The uptick in teenage depression and suicidality has come almost entirely from young women, based on annual surveys of teenagers and young adults taken from 1991 to 2015 that are part of the University of Michigan’s Monitoring the Future Series, which Twenge also used for her study. Some researchers say they can intuitively see possible reasons for this, although they are unsure of any definite factors. “Girls are very relational, so there’s lots of detailed interactions around their relationships and who is doing what, who is more popular,” says Holly Shakya, a psychologist at the University of California, San Diego, who did not work on Twenge’s study.

Twenge also suggests smartphones’ mere presence may affect physical and mental health. “There’s blue light shining into your eyes and preventing you from feeling tired,” she says. “They’re also psychologically stimulating, and that can lead to you turning your thoughts over and over. In many cases it’s ‘Why didn’t I get likes on that post?’ or ‘Is that other person doing something much more fun than me right now?’” These things can keep people up at night, and sleep-deprived people are more prone to depression, Twenge says.

But much of this is hard to prove, Shakya notes. For example, the new study did not address the question of whether gaming or social media use was more closely tied to depression. It merely correlated self-reported information on electronic device and social media use with suicidality and depression, which does not rule out the possibility that depressed people are likely to spend more time on social media.

Also, Twenge’s study did not delve into exactly what people might have been doing when they were using their devices, says Kelly Aschbrenner, a mental health services researcher at the Geisel School of Medicine at Dartmouth College, who was not involved with the work. The researchers “only ask how often they’re using social media or devices. We don’t know that people are scrolling through social media and viewing content that’s upsetting them, or interacting with others in a way that makes them feel bad,” Aschbrenner says.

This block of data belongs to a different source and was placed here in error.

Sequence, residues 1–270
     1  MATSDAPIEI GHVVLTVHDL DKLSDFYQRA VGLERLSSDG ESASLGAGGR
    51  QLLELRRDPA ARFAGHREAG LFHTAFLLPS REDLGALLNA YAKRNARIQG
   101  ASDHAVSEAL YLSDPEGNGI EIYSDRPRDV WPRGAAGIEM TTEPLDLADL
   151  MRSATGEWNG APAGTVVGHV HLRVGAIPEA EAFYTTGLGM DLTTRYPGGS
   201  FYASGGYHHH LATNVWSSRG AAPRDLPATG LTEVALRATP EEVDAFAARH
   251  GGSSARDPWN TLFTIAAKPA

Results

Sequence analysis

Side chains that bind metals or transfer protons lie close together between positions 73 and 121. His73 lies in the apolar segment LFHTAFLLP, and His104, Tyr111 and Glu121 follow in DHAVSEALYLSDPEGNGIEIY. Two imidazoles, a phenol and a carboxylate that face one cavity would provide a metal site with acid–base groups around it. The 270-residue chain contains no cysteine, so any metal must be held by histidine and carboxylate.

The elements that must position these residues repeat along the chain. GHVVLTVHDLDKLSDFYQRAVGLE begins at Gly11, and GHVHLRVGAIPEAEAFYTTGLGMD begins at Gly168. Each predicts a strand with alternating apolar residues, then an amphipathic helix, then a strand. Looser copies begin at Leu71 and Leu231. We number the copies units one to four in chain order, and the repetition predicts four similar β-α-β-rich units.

There are also significant reasons to believe social media can be healthful. “Our studies have shown people with mental health problems can benefit when they connect with others like them [on social media] to share advice, ailments, and feel that they’re not alone,” Aschbrenner notes. “It’s not like you can go to the park and scream out, ‘Is anyone else feeling anxious today?’ There are really few opportunities for people to find others in life who have the same stigmatized illness.”

Aschbrenner says that although it is important to consider the risks of new technologies, health care providers and researchers should be leveraging social media and smartphones as a way to help people. “There are people with mental illnesses who are experiencing debilitating symptoms and can’t leave their home,” she says. “Social media could be a safe platform to help people connect with others as a first step.”

Facebook, for one, says it shares that hope. The social network has wellness researchers who pay close attention to these findings and work to redesign the Web site’s interface with healthiness in mind, according to a company representative. “We want people to be healthy users of social media and that includes connecting in a meaningful way with your friends and community on Facebook. This is something we think a lot about, and research is core to our efforts,” Facebook’s director of research, David Ginsberg, wrote in an e-mailed response to queries.

In some cases users should be mindful of ways technology might be hurting rather than helping them—but the crux of the matter is in how one uses it, Shakya says. Reaching out for support from friends on Facebook or even using the multitude of fitness or mental health apps may have significant benefits. “This isn’t black and white,” she says. “It’s important to think about this stuff in nuance. It’s not like social media is terrible and ruining the world.”

Teenagers recognize this, too. “[The pros] are connecting to your friends immediately and being able to talk to them and share your ideas in a public way. If you want to say or advocate for something, it’s easy to share to everyone and people will see it,” Aashima says. “It is very powerful. You can use it for good, and you can use it for bad.”